Although there is no known cure for NKH, the Culps remain optimistic and are currently raising money for gene therapy research for their son.

The mascot of the Lucas John Foundation is the gazelle, a reference to a Bible story, and as Chancee explained, “Like the gazelle, we will free ourselves and move past this. It’s just a season in our life and Lucas’s story and you know, whatever reason we were chosen to do this, it will be brought to light.”

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NIH renews $13M contract with Penn’s gene therapy program

The National Institutes of Health has once again renewed a five-year contract with the University of Pennsylvania’s gene therapy program, which will receive $13 million to support the advancement of gene-therapy research to the clinic.

The contract was awarded by National Heart, Lung and Blood Institute to what operates as the Gene Therapy Program Preclinical Vector Core in the Perelman School of Medicine at Penn.

The contract will support the preclinical vector production, analytics, and immunology services the Core provides to approved scientific investigators from Penn and other institutions. The Core is directed by gene therapy expert Dr. James M. Wilson, director of Penn’s Orphan Disease Center. Vectors are used to deliver gene therapies in patients with conditions resulting from missing or malfunctioning genes.

“The field of gene therapy is finally hitting its stride, and this is exactly the time for the NIH to be providing a robust infrastructure to promote the rapid acceleration of discoveries into clinical trials,” Wilson said.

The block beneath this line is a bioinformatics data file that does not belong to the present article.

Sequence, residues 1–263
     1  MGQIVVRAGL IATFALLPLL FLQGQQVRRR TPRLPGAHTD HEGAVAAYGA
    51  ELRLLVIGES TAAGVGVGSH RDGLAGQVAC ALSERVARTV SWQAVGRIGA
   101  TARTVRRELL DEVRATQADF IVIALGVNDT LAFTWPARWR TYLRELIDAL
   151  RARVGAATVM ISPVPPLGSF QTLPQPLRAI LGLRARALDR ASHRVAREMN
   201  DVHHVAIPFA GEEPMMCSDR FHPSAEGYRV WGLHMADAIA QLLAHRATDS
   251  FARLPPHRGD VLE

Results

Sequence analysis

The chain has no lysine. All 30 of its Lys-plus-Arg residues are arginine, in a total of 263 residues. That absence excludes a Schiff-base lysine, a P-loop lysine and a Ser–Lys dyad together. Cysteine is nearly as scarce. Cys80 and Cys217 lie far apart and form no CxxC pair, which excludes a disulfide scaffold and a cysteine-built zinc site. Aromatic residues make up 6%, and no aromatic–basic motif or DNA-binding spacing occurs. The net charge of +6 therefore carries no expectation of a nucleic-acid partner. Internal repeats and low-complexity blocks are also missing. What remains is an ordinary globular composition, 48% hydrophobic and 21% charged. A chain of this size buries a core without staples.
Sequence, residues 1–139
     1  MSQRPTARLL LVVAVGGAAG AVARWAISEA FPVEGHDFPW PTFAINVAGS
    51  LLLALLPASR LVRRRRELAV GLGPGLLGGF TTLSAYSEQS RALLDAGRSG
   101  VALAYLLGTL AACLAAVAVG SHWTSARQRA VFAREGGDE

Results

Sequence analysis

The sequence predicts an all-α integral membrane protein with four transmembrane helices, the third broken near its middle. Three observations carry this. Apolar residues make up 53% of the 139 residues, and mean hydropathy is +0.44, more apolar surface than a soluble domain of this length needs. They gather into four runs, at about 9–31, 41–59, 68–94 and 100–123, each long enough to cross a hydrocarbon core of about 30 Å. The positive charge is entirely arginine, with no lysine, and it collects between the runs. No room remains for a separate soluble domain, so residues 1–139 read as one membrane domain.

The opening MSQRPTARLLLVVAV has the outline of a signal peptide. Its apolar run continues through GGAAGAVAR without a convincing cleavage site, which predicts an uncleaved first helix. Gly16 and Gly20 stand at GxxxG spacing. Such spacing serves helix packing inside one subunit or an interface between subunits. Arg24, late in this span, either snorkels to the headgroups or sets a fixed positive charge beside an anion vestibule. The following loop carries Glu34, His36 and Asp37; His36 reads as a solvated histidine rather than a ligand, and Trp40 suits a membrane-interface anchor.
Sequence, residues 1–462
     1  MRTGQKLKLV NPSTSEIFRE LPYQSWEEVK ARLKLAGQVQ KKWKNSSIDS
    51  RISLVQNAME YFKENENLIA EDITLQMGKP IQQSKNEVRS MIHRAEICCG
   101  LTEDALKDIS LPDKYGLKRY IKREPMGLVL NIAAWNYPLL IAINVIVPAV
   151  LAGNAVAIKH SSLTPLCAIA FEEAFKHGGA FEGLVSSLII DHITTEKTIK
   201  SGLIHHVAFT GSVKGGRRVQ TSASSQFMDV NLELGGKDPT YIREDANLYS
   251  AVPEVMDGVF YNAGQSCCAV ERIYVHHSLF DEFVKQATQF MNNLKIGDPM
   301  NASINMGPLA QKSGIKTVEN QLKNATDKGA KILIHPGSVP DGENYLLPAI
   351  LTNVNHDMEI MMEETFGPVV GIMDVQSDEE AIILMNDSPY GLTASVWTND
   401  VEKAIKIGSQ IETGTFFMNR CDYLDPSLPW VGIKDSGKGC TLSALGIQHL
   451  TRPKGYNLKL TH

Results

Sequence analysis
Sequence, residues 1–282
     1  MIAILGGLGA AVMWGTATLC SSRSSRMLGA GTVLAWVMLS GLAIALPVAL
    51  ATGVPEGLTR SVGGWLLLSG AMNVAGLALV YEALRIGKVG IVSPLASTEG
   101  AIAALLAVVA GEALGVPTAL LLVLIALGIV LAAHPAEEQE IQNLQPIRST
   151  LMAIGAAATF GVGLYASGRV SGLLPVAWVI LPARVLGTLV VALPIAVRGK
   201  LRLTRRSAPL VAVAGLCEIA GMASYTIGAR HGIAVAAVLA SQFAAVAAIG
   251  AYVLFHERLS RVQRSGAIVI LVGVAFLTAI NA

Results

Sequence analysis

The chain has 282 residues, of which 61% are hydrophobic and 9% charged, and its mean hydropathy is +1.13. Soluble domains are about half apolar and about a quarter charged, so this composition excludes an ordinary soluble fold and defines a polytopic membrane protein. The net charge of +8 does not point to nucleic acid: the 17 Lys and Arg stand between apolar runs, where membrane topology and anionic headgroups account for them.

During its first 10 years of NIH support, the Core handled more than 100 requests for research-grade vector production and 10 requests for immunology services for developing gene therapies for a variety of disorders, including cardiovascular, blood, lung, genetic, and infectious disease.

Source: Biz Journals

Family hopes to see rare medical condition eradicated

MESA — Guided by faith, an Arizona family is on a mission to raise awareness of and eradicate a rare genetic condition that impacts about 500 children every year, including their toddler son. Along the way, they also hope to bring comfort and support to other families whose children face life-threatening medical conditions.

“Our first goal is to raise awareness of non-ketotic hyperglycinemia because there is not a lot of funding for research into it,” said Chancee Culp, Lucas John’s mother. “There is no cure for NKH but with gene therapy, researchers believe they can cure and eradicate it.”

Culp’s son was born on March 6, 2018, and was later diagnosed with NKH, which is caused by a genetic variant.